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Lectionary Reflections
Fourth Sunday of Advent
December 18, 2011
2 Samuel 7:1-11, 16

I have always been somewhat disappointed in this passage, and that for two reasons. First, it breaks into the rip-roaring, slashing, thrill-a-minute story of David's rise and fall in Israel with a heavily deuteronomic propaganda piece, convincing us that David is the founder of a great and eternal dynasty, from which YHWH will never remove divine "steadfast love" (2 Sam. 7:15). And, second, it is this chapter, beyond and outside of that great Samuel-Saul-David saga, that gets all the later press. That is so, of course, because the early Christian community saw here the promise of the "eternal throne of David" upon which Jesus of Nazareth was now thought to sit. Why else would those Palm Sunday crowds be shouting "Hosanna to the son of David" at that donkey-riding prophet unless the writers of the gospel were not convinced that Jesus was heir of David?

So, it is little wonder that 2 Samuel 7 shows up in the lectionary for the Fourth Sunday of Advent, right before the miraculous birth of the crowning heir of the greatest king in the history of Israel. I am very sorry that the long and memorable story into which this chapter intrudes has been swallowed up in later Christianity by this rather tame prophetic claim for David's eternal significance.

Please do not misunderstand me. I know full well the enormous significance that this passage has played in the formation of the ancient lineage and role of Jesus the Messiah. And I also know that this promise of an exclusively Davidic kingship for subsequent Judean history determined who would be king in the southern land of Judah for the next 350 years, finally ending with the pathetic rule of Zedekiah in the 6th century B.C.E. It is just that the passage is so unlike the energetic and complex story that surrounds it, that it sounds rather more like "a word from our sponsor" than a crucial part of that superb tale. I admit to a certain secret joy when the story returns in chapter 8 by announcing "David attacked the Philistines." Ah, I say, here comes the fun again! And when the spectacular chapter 11 dawns, and the grand David is reduced to the status of a Mafioso don, being led by his lust more than his godliness, I am almost able to forget chapter 7 and its calm and dispassionate claims for the eternal dynasty of this man.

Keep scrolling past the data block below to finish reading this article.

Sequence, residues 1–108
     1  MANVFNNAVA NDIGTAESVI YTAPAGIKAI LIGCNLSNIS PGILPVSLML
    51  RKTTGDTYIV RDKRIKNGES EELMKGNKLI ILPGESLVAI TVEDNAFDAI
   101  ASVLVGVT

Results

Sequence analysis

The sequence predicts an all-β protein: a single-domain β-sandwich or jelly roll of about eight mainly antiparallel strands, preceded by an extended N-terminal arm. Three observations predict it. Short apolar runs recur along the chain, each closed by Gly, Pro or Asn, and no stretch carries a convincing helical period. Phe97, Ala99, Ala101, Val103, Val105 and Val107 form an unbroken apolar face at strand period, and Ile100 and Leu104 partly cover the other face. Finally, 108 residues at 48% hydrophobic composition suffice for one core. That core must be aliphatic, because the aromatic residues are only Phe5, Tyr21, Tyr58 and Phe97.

But wait! Perhaps I have read it too hastily. Perhaps it needs to be seen as a crucial part of the story after all. The David given to us in 2 Samuel 7 is the same David who acts in such monstrous ways four chapters later. The powerful, eternal king, the one beloved of YHWH, is at the same time the liar and seducer and murderer of chapter 11. Just because David is the hero of chapter 7, the one who will begin the dynasty that will eventuate in Jesus, 1000 years later, is no reason to place David on a pedestal, no reason to imagine him as something more than a man. Just because the one we Christians call Christ is a direct descendant of this long-ago king does not elevate that king above the level of who we know him to be, namely a weak and dangerous and vicious person who stops at nothing to possess the desired Bathsheba.